Mr Richard T Bryan, Chief Investigator, Bladder Cancer Prognosis Programme, and Senior Research Fellow, University of Birmingham, and Action on Bladder Cancer Regional Advisor says "The review by Svatek et al demonstrates the huge costs associated with the diagnosis and management of bladder cancer, the large variations in practice worldwide, and the significant gaps in our knowledge. Our accompanying editorial expands on these themes and others; most importantly, the lack of improvement in outcomes for bladder cancer patients over the last three decades, the poor funding for bladder cancer research, and the poor awareness of bladder cancer amongst the general public and the non-urologic scientific community. We need to advance the cause for bladder cancer patients and make much more progress with this very common disease."

Bladder cancer lags starkly behind nearly all other cancers. Action needs to be taken now to improve the life expectancy of so many people with bladder cancer. Quite simply, more has to be done.

About  Action  on  Bladder  Cancer 

Action on Bladder Cancer is a UK charity working to improve public awareness, medical knowledge and the priority of bladder cancer on the UK health agenda, to ensure earlier recognition and diagnosis and so allow more effective management to improve the outcomes for people with bladder cancer. (http://www.actiononbladdercancer.org).

References:

  1. Svatek et al. The Economics of Bladder Cancer: Costs and Considerations of Caring for This Disease. European Urology. Published online Feb 2014. Abstract available at: http://www.europeanurology.com/article/S0302-2838(14)00018-9/abstract/the-economics-of-bladder-cancer-costs-and-considerations-of-caring-for-this-disease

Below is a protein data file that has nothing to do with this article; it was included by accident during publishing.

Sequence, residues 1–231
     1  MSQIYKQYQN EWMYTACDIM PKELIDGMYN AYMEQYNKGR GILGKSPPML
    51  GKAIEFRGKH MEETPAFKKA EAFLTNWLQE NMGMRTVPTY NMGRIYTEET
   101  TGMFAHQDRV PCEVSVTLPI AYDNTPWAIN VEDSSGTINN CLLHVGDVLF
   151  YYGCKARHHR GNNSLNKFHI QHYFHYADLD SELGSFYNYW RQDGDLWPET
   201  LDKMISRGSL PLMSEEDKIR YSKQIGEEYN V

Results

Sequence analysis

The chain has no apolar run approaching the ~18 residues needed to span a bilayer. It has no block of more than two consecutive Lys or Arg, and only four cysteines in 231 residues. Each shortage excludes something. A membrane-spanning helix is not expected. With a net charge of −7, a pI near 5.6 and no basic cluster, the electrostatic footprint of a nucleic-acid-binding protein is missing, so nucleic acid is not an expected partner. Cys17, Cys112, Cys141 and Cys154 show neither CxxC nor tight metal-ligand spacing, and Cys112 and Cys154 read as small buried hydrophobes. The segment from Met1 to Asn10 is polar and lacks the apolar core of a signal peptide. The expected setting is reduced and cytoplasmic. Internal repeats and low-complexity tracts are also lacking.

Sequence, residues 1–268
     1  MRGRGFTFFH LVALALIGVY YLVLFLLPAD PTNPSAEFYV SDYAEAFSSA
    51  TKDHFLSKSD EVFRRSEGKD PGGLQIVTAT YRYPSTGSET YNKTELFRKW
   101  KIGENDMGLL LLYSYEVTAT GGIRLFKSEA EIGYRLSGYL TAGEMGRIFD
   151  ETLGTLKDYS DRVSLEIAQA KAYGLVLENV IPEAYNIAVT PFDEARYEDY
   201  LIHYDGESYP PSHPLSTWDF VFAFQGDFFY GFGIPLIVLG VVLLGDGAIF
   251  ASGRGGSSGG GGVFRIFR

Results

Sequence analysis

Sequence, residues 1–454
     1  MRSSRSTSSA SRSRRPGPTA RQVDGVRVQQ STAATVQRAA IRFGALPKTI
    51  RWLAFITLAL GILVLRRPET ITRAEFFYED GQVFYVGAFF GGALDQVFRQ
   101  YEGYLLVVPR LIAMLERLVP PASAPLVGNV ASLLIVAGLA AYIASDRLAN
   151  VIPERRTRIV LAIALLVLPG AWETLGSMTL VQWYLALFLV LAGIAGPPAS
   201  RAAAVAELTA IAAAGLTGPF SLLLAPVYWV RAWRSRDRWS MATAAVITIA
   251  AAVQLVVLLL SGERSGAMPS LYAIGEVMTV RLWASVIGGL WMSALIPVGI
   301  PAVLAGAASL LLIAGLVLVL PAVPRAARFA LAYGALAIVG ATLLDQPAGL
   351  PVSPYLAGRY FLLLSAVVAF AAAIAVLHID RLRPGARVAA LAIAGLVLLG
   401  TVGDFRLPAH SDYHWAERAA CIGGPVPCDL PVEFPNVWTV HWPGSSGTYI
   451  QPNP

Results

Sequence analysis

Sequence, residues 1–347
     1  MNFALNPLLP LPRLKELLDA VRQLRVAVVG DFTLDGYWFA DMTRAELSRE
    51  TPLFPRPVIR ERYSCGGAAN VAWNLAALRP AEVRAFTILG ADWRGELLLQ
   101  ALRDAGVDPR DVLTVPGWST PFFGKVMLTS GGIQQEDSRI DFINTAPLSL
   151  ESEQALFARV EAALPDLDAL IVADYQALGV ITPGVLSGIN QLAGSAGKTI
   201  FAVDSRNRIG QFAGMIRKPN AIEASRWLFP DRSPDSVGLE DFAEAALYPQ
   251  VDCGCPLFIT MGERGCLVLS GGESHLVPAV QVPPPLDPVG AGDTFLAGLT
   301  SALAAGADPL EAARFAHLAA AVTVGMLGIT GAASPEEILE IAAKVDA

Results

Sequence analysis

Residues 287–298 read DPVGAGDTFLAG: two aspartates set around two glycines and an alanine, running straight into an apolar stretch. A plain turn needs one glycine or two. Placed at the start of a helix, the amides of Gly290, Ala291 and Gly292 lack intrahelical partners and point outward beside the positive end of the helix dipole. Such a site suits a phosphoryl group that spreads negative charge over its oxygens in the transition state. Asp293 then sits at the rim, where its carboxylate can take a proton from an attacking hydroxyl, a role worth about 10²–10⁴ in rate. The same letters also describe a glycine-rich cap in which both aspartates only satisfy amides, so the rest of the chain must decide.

2. Bryan RT et al. So much cost, such little progress. European Urology. Published online Feb 2014.  http://www.europeanurology.com/article/S0302-2838(14)00160-2/abstract
  3. Sievert KD et al. Economic aspects of bladder cancer. What are the benefits and costs? World  J  Urol. Jun 2009; 27(3): 295-300.
  4. Mowatt G, Zhu S, Kilonzo M, Boachie C, Fraser C, Griffiths TR, N'Dow J, Nabi G, Cook J, Vale L. Systematic review of the clinical effectiveness and cost-effectiveness of photodynamic diagnosis and urine biomarkers (FISH, ImmunoCyt, NMP22) and cytology for the detection and follow-up of bladder cancer. Health Technol Assess 2010; 14:1-iv
  5. Cancer Research UK, Cancer Stats Key Facts, Bladder Cancer http://www.cancerresearchuk.org/cancer-info/cancerstats/keyfacts/bladder-cancer/uk-bladder-cancer-statistics
  6. Eylert MF et al (2014). Falling bladder cancer incidence from 1990 to 2009 is not producing universal mortality improvements. Journal  of  Clinical  Urology 0(0) 1-9
  7. National Cancer Research Institute. NCRI spend by cancer site.  Available at http://www.ncri.org.uk/what-we-do/research-database
  8. Bachir, B. G., Shariat, S. F., Zlotta, A., Svatek, R., Black, P. C., Shah, J. B., Kassouf, W., Bladder Cancer Think Tank (Bladder Cancer Advocacy Network) and Canadian Bladder Cancer Network (Bladder Cancer Canada) (2013), Demographic analysis of randomized controlled trials in bladder cancer.  BJU  International, 111: 419-426